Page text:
DEW17: Emphasizing Fundamental Storage Principles

Most large IT vendor conferences — especially those held in Las Vegas — tend to resemble a three-ring information overload circus. Attendees can easily be overwhelmed with the breadth and depth of what is being presented. At times, focusing on the tried and true basics helps to refresh and clear one’s mind. As an example, let’s turn to the storage solutions that were highlighted this week at Dell EMC World. Naturally, Dell EMC continues to evolve its storage portfolio, but it is not doing so by abandoning the core storage products and principles that have been fundamental to its success for more than two decades. Now, Dell Technologies is the rubric under which all the businesses of the company fall. Dell EMC is the data center infrastructure business and incorporates Dell’s business servers and a midrange storage product line as well as EMC’s traditional high end, midrange, and scale-out (unstructured data) storage systems. In addition, converged infrastructure solutions, including hyperconverged infrastructure (HCI) offerings falls with the purview of Dell EMC. For more information, CLICK HERE NOTE: This column was originally published in the Pund-IT...

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IBM Continues its Leadership in Software-Defined Storage

“We’re #1!” is the proud cry that every team and organization would like to make, and IBM can claim that proud distinction for software-defined storage. The evidence comes from market research vendor International Data Corporation (IDC), which has ranked IBM #1 in the worldwide software-defined storage (SDS) market for the third straight year. This is a meaningful distinction as the software-defined storage market is large and is expected to continue its rapid growth. IDC estimates that the market for SDS would grow at a 40% CAGR in 2015-2020 and reach $1 billion in 2016. This is the fastest of any of the seven storage software functional markets that IDC tracks and shines in comparison to what IDC says is the low performance of storage replication and infrastructure solutions. In short, IBM has chosen the right functional storage market horse to ride (although, of course, it participates in the other functional markets where it is amongst the leaders in all storage software categories, as well as a large full-spectrum IT vendor). For more information, CLICK HERE NOTE: This column was originally published in the Pund-IT...

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IBM Continues to Advance Its Strategic Storage Investments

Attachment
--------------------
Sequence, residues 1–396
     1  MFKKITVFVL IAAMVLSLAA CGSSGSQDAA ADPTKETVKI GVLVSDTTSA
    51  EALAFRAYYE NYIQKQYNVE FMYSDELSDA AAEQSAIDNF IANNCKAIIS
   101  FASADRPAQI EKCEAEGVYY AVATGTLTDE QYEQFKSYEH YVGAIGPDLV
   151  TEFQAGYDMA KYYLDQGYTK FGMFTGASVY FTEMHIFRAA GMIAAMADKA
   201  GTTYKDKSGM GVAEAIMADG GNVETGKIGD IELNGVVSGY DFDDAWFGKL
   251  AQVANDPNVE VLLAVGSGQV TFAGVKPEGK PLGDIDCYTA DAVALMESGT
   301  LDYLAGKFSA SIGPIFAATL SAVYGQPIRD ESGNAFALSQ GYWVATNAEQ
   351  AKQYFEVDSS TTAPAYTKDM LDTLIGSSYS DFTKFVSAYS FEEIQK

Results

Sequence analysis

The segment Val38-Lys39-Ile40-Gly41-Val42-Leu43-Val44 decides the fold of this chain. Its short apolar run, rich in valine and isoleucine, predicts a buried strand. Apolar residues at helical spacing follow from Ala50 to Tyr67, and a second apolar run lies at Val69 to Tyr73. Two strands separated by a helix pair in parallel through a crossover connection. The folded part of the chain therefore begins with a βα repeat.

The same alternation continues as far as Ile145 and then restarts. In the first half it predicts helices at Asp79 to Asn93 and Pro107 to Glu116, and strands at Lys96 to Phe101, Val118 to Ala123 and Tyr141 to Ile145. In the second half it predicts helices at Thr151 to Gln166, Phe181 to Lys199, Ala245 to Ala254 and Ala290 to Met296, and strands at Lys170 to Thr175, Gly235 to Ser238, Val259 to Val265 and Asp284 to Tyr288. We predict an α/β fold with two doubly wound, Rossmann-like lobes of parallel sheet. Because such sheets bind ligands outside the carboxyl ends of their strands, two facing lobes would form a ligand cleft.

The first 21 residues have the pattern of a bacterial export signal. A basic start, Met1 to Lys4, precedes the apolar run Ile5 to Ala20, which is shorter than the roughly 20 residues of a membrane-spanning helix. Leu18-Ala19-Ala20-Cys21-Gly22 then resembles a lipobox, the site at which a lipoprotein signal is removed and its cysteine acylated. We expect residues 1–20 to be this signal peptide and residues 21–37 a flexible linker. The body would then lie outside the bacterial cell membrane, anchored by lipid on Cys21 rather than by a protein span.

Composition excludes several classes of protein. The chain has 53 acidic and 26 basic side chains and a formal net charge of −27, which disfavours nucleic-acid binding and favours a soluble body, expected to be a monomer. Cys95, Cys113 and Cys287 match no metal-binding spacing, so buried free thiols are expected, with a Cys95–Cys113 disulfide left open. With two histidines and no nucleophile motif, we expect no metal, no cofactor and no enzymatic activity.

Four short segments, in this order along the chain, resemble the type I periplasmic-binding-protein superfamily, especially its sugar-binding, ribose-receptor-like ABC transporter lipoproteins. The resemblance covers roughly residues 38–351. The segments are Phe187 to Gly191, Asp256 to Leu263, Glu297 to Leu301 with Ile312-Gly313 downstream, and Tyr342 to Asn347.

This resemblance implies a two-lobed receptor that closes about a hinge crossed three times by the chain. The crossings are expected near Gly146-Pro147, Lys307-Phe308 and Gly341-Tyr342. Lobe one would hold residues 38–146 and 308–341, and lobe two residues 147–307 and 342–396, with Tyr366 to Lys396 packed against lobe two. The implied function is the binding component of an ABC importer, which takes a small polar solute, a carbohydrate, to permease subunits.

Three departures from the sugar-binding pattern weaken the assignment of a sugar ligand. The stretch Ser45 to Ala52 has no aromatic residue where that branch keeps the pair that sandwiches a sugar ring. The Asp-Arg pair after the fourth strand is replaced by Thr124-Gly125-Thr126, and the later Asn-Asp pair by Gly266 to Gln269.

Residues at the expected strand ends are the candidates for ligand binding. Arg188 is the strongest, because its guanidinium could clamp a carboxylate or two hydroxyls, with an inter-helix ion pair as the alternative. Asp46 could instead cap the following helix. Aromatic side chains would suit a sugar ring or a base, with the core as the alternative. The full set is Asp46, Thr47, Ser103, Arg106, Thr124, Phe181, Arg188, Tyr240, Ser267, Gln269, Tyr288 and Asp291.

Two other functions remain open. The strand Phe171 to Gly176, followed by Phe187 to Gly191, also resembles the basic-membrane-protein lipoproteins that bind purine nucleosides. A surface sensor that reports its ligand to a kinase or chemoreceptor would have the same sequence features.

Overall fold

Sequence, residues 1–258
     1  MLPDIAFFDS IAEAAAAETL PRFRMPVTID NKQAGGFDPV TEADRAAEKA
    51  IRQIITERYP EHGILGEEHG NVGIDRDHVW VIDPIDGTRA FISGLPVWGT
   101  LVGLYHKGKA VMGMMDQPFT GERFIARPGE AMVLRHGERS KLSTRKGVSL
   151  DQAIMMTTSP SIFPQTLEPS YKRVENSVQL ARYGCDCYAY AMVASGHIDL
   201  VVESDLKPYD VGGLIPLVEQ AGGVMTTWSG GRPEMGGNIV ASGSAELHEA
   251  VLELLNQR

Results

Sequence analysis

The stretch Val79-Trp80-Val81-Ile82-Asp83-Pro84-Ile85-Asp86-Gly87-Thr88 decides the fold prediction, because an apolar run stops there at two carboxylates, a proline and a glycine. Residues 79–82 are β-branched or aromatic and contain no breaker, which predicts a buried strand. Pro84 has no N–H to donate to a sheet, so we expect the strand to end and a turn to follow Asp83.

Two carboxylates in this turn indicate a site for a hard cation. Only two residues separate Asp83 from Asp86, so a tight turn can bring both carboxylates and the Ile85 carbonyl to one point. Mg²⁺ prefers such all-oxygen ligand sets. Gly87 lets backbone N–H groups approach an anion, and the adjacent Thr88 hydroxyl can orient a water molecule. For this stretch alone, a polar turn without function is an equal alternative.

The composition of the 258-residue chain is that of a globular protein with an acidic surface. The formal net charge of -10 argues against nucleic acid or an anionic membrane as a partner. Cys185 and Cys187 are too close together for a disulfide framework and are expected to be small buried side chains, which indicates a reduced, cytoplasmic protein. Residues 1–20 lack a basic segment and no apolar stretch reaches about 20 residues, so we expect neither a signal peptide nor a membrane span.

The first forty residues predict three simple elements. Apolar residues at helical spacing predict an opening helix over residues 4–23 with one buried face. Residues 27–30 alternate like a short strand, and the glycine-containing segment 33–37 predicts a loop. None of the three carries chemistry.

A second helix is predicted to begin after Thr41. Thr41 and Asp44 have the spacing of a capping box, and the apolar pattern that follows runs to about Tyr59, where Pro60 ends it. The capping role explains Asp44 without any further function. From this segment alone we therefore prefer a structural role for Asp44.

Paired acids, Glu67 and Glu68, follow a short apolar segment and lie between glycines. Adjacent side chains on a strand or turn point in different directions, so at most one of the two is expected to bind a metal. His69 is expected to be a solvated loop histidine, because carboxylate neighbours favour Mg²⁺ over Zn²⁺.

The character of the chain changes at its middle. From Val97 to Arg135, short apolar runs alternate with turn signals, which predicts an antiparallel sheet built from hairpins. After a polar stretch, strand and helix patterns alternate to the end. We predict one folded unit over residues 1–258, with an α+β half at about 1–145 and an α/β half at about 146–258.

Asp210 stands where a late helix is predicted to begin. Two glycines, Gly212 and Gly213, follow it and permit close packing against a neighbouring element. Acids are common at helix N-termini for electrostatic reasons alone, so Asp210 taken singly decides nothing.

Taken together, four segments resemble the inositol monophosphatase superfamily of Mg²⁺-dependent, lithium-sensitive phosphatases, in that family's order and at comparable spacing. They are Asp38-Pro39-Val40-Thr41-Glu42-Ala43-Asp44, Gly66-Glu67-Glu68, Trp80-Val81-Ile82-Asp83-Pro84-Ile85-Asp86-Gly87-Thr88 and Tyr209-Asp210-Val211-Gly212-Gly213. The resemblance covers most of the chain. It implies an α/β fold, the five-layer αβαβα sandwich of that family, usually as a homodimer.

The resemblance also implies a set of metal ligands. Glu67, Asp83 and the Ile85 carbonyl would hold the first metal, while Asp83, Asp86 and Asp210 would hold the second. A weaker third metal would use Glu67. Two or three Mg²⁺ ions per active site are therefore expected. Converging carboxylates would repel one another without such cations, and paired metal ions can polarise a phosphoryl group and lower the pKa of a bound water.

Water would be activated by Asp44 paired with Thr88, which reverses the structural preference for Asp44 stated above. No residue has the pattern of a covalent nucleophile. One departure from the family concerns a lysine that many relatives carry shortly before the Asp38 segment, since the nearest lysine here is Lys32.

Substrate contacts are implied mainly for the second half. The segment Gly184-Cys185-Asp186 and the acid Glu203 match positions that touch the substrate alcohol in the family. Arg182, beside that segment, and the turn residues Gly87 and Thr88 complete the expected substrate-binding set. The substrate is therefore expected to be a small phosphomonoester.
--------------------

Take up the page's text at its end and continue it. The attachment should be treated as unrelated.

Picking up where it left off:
In 2015, IBM announced that it would spend $1 billion on software-defined storage (SDS) R&D over the coming five years. Recent enhancements in its SDS portfolio — namely the IBM Spectrum Storage family — reflect how that ongoing investment is benefiting storage users and IBM customers. IBM Spectrum Storage family: Responding to changing times Regarding IBM’s Spectrum Storage family, recall what SDS is and why just one product won’t do. SDS decouples the software that manages storage from the underlying physical storage hardware. That increases the flexibility of deployment. So customers can choose to use software-only with virtually any heterogeneous storage systems, i.e., not necessarily IBM storage, although all or part of the mix could include IBM equipment. A second SDS deployment model is with an appliance. In the case of selected IBM Spectrum Storage products, the software can be sold with specific IBM hardware making it a more traditional approach, but it also means that the software can take fuller advantage of the underlying physical hardware. An example is the tight coupling of the IBM DeepFlash 150 with IBM Spectrum Scale that results in a high-capacity, all-flash (meaning high performance) system (called DeepFlash Elastic Storage Server) with the scale-out file management capabilities. A third SDS deployment model is as the foundation of a cloud service. Since the “cloud” in its many permutations and manifestations continues to proliferate applications and data, SDS can provide the support needed for accompanying storage systems. But why the need for multiple products? The answer is that the variety of applications and data types continues to explode in numerous dimensions, all of them additive with none taken away. Traditional block-based, structured data online transaction processing systems and file-based systems, such as for semi-structured data as document management, are still critically important. But now, big data, Internet of Things, Web-based applications, and mobile applications are taking center stage, as well. NOTE: This column was originally published in the Pund-IT Review. For more information, CLICK HERE NOTE: This column was originally published in the Pund-IT...